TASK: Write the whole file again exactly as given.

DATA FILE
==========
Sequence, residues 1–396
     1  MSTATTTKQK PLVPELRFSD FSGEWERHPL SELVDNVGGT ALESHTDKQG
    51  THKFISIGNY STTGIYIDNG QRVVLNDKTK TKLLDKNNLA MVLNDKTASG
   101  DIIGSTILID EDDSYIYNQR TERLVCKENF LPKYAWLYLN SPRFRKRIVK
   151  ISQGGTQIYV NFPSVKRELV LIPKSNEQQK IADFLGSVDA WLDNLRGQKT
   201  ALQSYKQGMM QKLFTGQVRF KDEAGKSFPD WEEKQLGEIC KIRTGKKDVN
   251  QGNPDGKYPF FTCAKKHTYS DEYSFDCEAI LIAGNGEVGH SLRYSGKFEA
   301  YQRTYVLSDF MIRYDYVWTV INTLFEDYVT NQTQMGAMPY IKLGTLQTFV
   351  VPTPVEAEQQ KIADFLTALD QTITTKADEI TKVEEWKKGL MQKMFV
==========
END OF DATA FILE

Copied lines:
Sequence, residues 1–396
     1  MSTATTTKQK PLVPELRFSD FSGEWERHPL SELVDNVGGT ALESHTDKQG
    51  THKFISIGNY STTGIYIDNG QRVVLNDKTK TKLLDKNNLA MVLNDKTASG
   101  DIIGSTILID EDDSYIYNQR TERLVCKENF LPKYAWLYLN SPRFRKRIVK
   151  ISQGGTQIYV NFPSVKRELV LIPKSNEQQK IADFLGSVDA WLDNLRGQKT
   201  ALQSYKQGMM QKLFTGQVRF KDEAGKSFPD WEEKQLGEIC KIRTGKKDVN
   251  QGNPDGKYPF FTCAKKHTYS DEYSFDCEAI LIAGNGEVGH SLRYSGKFEA
   301  YQRTYVLSDF MIRYDYVWTV INTLFEDYVT NQTQMGAMPY IKLGTLQTFV
   351  VPTPVEAEQQ KIADFLTALD QTITTKADEI TKVEEWKKGL MQKMFV